The Society of Latinx Engineers and Scientists are revamping their club in hopes of providing more mentoring services and other resources for Latinx students who are pursuing STEM degrees.
The main focus of the club is to help students be successful in school and obtain degrees. They also help students network so they can find employment once they graduate, SOLES president Alejandra Carranza said.
“The main mission of the club is to help inspire other Latinos and minority students in engineering, as well as other STEM majors across campus, and really provide a safe community for them,” SOLES adviser Yadira Paredes said.
SOLES hosts socials, provides professional development and mentoring. They also help host the Latino Parent Conference for potential students, Carranza said.
The Latino Parent Conference is for Latino high school students from lower socioeconomic areas, Paredes said, in which their parents learn more about WSU and STEM programs.
“It’s a full day of STEM-related presentations, workshops, activities, campus and lab tours for both the parents and the students completely done in Spanish,” she said.
Carranza became involved with SOLES when she first entered WSU in 2016. She has been attempting to revamp the club and obtain more members so they can take advantage of the club’s opportunities, Carranza said.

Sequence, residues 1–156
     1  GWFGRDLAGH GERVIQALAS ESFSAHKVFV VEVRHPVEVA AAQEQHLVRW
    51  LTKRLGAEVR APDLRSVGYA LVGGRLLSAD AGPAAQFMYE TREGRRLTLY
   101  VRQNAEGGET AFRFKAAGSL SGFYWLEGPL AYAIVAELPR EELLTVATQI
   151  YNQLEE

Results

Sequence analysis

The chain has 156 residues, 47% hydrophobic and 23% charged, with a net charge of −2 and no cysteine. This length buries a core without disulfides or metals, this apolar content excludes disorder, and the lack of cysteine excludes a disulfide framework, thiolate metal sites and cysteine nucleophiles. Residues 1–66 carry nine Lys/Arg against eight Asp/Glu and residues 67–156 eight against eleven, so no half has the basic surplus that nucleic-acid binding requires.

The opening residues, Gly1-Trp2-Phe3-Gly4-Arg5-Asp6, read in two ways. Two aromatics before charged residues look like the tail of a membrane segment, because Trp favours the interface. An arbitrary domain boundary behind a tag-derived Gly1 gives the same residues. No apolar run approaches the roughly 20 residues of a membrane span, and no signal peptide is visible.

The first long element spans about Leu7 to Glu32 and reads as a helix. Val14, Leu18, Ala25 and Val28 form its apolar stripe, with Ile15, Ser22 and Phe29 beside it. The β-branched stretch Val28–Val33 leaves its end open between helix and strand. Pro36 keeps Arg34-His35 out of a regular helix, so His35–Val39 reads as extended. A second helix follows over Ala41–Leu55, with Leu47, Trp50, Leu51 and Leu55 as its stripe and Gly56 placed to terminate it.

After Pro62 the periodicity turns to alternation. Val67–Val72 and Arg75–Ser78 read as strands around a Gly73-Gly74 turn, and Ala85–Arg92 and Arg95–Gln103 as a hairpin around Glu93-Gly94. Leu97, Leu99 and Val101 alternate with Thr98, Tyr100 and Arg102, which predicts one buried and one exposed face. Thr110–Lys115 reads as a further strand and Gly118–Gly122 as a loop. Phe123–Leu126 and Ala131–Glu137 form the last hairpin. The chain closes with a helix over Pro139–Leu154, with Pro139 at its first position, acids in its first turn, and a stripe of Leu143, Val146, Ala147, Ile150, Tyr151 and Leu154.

One of the things that made Carranza interested in the club was learning about how past members studied abroad, which inspired her to study abroad in Spain, Morocco and Italy.
Carranza has also been able to help coordinate events like the Latino Parent Conference, which has helped her develop communication skills, she said. It also allowed her to gain leadership skills, including how to be a mentor for other students.
“We used to offer scholarships when we had a lot of funding, and that is something I am hoping to bring back as well,” Carranza said.
The club currently has about eight members, and Carranza said she is hoping to have about 15 members by the end of the year. Carranza is focusing on rebuilding the club so it will continue running once she graduates.
Carranza is pursuing a degree in architecture and civil engineering. She hopes to someday develop her own nonprofit focusing on helping developing countries, Carranza said.
“I would love to be able to go to developing countries and create safe havens,” Carranza said, “so that looks like creating homes, building educational or health facilities such as clinics, little schoolhouses, and also brainstorming how to bring in portable water.”
Due to COVID-19, Carranza said she is still planning on how SOLES meetings will work.